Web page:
Xenonauts 2 Review – UFO Defense Rebooted

Xenonauts 2 Review

Somewhere in the multiverse, is a reality where your favorite game was made by a completely different developer. The changes might be subtle or dramatic, but this game took a different path to release. It feels different, plays different. Would you welcome the opportunity or is your favorite perfect as it is? Xenonauts 2 lets you live in that parallel world, and it’s not a bad place to land!

A History of Invasions

XCOM 2 came out in 2016. It’s closer to its 10th birthday than its first. And the XCOM 2 you have sitting in your Steam library is a sequel to the XCOM reboot, which came out in 2012. That reboot retooled and streamlined X-COM: UFO Defense, which first saw release in 1994. I played quite a bit of original X-COM. I’m not ready to declare the original better than the very playable reboot, but it has a certain complexity that’s been lost in modern gaming.

Enter: Xenonauts 2. Which is of course a sequel to Xenonauts, which came out in 2014. The point of Xenonauts was to recapture the parts of X-COM that were cut in the reboot. That means more base-building, equipment management, and fighter jet dogfights. The first Xenonauts rescued all that cut content, but there was one way it could not compete with reboot XCOM: the interface. The UI in the first Xenonauts is (marginally) better than what we were cooking up in 1994, but that’s a pretty tough sell.

Overhauled In Drydock

So how does the sequel stack up? Beautifully! (At least, in this regard). Xenonauts 2 is easy to play. Hell, it’s easy to get lost in, making sure your soldier have just the right robot support and weapons loadouts. This isn’t accomplished with graphical horsepower and gorgeous information. Xenonauts 2 has a crisp clean look that’s easy to parse, easy to play.

Here is an example of a subtle yet game changing feature: you can preview your shots. XCOM 2 will give you a percentage number, but if you say, position yourself against a wall at a lower elevation, your soldier may not have line of sight. Xenonauts 2 lets you hold shift, plot your soldier’s route step by step, and look at a shot preview in their ending spot. Every obstacle, including your other soldiers, are highlighted. Little icons explain each object and how they are effecting your aim. The same goes for weapon range- the target line turns from green to red as it gets farther out from its target.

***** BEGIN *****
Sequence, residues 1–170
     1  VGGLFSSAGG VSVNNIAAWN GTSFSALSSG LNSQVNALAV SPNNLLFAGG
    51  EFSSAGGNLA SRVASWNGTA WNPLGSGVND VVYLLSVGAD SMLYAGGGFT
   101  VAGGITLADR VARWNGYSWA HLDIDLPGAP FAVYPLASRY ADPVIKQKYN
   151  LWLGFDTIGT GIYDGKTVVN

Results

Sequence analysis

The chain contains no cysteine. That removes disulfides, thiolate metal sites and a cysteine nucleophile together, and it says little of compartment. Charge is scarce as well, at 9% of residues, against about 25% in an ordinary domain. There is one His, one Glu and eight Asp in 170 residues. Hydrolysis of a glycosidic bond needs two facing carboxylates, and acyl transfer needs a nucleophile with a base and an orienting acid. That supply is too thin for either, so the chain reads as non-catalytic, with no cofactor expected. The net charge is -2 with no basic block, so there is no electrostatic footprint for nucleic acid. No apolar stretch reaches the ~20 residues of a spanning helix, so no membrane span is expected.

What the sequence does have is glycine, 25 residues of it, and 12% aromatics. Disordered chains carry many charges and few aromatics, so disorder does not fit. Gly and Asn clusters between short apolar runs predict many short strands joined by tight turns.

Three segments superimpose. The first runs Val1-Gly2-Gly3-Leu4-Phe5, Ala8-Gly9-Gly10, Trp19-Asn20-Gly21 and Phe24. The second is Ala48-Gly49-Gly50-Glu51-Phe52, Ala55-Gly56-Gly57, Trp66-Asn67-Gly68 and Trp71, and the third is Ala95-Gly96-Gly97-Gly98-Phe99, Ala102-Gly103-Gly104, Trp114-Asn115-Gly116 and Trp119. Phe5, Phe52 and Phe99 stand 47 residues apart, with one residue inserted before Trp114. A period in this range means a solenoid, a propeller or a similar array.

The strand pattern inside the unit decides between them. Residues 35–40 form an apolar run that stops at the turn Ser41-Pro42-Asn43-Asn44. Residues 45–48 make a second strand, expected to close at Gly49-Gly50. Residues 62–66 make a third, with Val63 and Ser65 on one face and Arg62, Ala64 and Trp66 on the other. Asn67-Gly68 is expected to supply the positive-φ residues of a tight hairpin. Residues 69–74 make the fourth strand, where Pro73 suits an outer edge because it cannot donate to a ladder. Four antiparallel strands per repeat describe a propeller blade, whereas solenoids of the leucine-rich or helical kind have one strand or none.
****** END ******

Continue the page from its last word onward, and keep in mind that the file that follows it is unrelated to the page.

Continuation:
Could you imagine anything so simple? It makes a huge difference. Less guesswork means more fun, and also more guilt when one of your beloved guys is perma-killed. Of course, it’s hard to get as invested in your Xenonauts soldiers as you do with XCOM. I have over a hundred mods installed, lots of them cosmetic, giving me options to design little outfits for every one of my soldiers. I give them all names. In a campaign in XCOM 2, I acutely feel each and every death.

The Usual Goon Squad

Xenonauts 2 lets you rename your soldiers. But you cannot change what they look like. You can’t change their country of origin, or their voice. I didn’t anticipate missing those customization options, but the personal touch does wonders for player investment.

On the flip side, Xenonauts 2 has destructible environments. Sure you could blow a hole in a wall. But you can also order your guys to fire blindly at a wall, hoping to catch a bad guy on the other end. Even if you miss, you can now use the bullet holes to peep what may be lurking in the next room. Or you can blow up enough load-bearing terrain to bring your foes crashing down. The destructible environment is definitely the coolest and most modern-feeling feature.

The Truth Is Out There

But then, you’ll be blowing up the same maps over and over again. There are minor changes, but you will basically be doing the same missions in the same towns and office buildings and military facilities. If you plan to play the campaign over and over, you’ll even have the enemy placement memorized. In a procedural generated story like this, the repeated elements can feel like a grind.

Even coming short of perfection, you nerds are going to love Xenonauts 2. It lacks the bombast and superpowers of reboot-era XCOM, but it more than compensates with logistical complexity. It may not be sexy, but Xenonauts 2 is a well-designed strategy game, thoughtfully made by a team who knows the genre. And if you are a youngster who missed the 90s? Here’s an approachable piece of video game history given form. Figuring out how to run an old DOS game is a headache. Xenonauts 2 in out and ready for your orders commander.

***PC code provided by the publisher for review***

The Good

  • Granular strategy
  • Old-school attention to detail
  • Modern polish

The Bad

  • Repetitive maps
  • Not many customization options